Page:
Moxee: An influx of farmers

April 22, 2010

French Canadian and Dutch families settled in Moxee to start new jobs and new lives.

The Gideon Champoux family poses for a photo while picking hops on the John South ranch in Moxee in 1900.

They arrived in the dark during the early morning hours of Nov. 13, 1897.

The Gamache and Sauve families, each with eight children — as well as contingents from the Dulude, Regimbal, Dumas, Fortier, Riel, Patnode, Trepanier, Toussaint, Houle and Simon families — came by train to North Yakima, their belongings loaded into boxcars.

They shared a language — French — and a religion — Catholicism.

There were about 50 of them migrating west, first from Québec, then from Polk and Red Lake counties in northern Minnesota.

And they stuck together, intermarrying and taking in new arrivals until they, too, could buy tracts of land from the Moxee Co.

The company, owned by Alexander Graham Bell, who invented the telephone, and his father-in-law, Gardiner Greene Hubbard, founder of the National Geographic Society, had started the 6,400-acre experimental farm in the Moxee Valley in 1886.

Along with a number of relatives, they grew tobacco, alfalfa, cotton, hops, corn and fruit, and raised a variety of livestock. And their farm drew an influx of immigrants.

Many French-Canadian families, came west to work for the company, then branch off, doing business on their own.

The Moxee Valley’s French-Canadian connection dates to the late 1800s, when lack of work in Québec forced large numbers of people, even entire villages, to move south and west, becoming part of the largest and most continuous influx of French-Canadians to the United States.

Students of the French school in Moxee are shown in this photo taken about 1905.

And, with the arrival of the Northern Pacific Railroad in Yakima in 1884, they migrated steadily to the Moxee Valley for more than a quarter of a century.

They weren’t the only ones.

Dutch immigrants, known as “Hollanders,” migrated here, too, forming a colony of their own. At one point, there were both a “Holland School” and a “French School.”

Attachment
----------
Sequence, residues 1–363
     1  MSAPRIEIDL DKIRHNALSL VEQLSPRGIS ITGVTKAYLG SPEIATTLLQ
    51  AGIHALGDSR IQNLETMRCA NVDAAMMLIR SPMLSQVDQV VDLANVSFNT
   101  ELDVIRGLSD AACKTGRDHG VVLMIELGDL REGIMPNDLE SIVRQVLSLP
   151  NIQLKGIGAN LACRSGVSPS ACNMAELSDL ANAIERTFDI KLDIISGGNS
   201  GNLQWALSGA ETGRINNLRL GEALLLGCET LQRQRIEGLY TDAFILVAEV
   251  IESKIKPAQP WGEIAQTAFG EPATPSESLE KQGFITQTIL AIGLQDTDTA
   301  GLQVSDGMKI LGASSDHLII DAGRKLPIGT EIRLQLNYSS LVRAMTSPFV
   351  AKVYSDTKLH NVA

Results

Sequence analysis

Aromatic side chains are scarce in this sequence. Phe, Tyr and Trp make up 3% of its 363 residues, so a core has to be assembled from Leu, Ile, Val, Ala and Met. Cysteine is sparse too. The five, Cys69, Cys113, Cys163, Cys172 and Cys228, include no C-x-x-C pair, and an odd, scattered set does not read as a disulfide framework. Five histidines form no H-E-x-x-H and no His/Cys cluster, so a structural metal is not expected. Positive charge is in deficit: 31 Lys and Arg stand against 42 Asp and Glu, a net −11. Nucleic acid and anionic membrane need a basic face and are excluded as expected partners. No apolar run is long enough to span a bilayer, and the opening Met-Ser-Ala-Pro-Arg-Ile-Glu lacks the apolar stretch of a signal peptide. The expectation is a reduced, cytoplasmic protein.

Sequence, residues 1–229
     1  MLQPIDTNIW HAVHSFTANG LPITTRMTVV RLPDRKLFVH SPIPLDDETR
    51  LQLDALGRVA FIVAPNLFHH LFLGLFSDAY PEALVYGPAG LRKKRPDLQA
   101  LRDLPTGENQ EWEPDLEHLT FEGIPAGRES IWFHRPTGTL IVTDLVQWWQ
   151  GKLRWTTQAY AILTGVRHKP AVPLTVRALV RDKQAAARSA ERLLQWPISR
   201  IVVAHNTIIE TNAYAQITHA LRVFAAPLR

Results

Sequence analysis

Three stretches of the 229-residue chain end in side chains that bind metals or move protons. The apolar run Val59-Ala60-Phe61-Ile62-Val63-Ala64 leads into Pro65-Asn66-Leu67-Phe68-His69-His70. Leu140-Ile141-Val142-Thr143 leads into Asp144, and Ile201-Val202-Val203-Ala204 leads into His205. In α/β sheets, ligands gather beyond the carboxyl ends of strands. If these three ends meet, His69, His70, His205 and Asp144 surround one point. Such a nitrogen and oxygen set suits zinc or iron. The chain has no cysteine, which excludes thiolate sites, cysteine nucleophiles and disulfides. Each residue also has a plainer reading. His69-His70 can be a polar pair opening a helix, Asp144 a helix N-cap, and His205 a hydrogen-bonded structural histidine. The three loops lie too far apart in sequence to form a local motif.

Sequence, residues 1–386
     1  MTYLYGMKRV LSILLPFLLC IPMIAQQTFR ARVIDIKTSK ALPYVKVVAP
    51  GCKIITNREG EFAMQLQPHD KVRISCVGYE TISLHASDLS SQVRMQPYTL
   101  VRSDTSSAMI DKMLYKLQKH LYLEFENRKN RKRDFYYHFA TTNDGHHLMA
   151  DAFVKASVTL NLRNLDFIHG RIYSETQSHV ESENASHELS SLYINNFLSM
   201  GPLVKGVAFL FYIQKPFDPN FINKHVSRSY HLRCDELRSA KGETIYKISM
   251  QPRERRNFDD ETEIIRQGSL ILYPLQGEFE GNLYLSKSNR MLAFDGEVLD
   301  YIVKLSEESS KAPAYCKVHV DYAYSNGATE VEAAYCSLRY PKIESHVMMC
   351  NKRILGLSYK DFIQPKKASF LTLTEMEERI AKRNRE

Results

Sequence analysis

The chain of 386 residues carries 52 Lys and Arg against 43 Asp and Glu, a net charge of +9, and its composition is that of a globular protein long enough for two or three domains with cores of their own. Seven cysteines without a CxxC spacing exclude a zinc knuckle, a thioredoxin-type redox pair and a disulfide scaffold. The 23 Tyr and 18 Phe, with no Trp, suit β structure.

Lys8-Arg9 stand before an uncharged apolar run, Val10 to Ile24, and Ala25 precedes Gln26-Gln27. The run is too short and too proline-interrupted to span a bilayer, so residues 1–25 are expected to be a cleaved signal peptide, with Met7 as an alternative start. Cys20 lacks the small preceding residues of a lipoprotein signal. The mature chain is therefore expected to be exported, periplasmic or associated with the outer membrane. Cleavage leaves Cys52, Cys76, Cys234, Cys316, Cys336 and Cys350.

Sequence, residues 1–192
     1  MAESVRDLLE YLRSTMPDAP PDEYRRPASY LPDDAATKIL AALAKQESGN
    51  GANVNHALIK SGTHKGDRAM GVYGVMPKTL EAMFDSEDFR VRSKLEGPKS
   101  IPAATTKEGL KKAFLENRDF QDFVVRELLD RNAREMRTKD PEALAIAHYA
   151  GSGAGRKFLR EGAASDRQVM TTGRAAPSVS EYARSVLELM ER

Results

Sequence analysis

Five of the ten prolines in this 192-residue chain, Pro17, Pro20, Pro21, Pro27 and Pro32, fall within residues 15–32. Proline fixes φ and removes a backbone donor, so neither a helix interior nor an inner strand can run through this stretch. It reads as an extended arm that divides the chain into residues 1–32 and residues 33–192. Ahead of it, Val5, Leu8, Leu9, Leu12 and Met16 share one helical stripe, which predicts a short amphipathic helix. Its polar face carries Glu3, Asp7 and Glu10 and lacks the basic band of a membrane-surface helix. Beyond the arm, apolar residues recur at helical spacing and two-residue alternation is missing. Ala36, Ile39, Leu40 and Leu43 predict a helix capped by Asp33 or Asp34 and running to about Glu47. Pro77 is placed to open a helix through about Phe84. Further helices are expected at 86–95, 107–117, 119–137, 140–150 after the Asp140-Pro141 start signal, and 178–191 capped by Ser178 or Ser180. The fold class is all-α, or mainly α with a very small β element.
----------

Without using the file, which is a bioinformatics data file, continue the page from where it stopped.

Early settlers in what was known as the Holland District included the Gerritsen, Van Wechel, Den Beste and families.

The Champoux and Brother General Merchandise Store in about 1901. The first store was built in Moxee City by Arthur Champoux and Frank Albert Champoux. Gideon Champoux is in the horse-drawn buggy. Other men in white shirts are Albert Dupree, Theophile Champoux and Arthur Champoux. There is no name for the man seated on the porch.

Like the French-Canadians, many had migrated for a second time, having come from the Netherlands to Iowa, then to the Moxee Valley.

They were tired of the tornadoes and crop failures in the Midwest. And many came before the French-Canadians arrived.

In the eastern reaches of the valley were the Meeboer, Bronkhorst, Whitmore, Van Diest and other Dutch families, many of whom traveled here in 1886, a decade before the night train pulled into the station.

More than 100 years later, the Moxee Valley’s French-Canadian and Dutch connection endures. You can see it in the surnames of early settlers on country road signs.

It’s preserved in a 20-page book at the Yakima Valley Regional Library titled “The Enchanting Moxee Valley: Its History and Development,” by the late Alice Toupin, a longtime Moxee resident.

And many descendants of those Dutch and French-Canadian families still live in the area, including those of Melina Gamache and Wilfred Sauve, who arrived with their families on that night train in 1897. They met on board during the journey west and married two years later, eventually raising 13 children.

By Adriana Janovich

A group of pickers poses for a photograph in 1913 in a hop field at the Morrier Ranch in Yakima.

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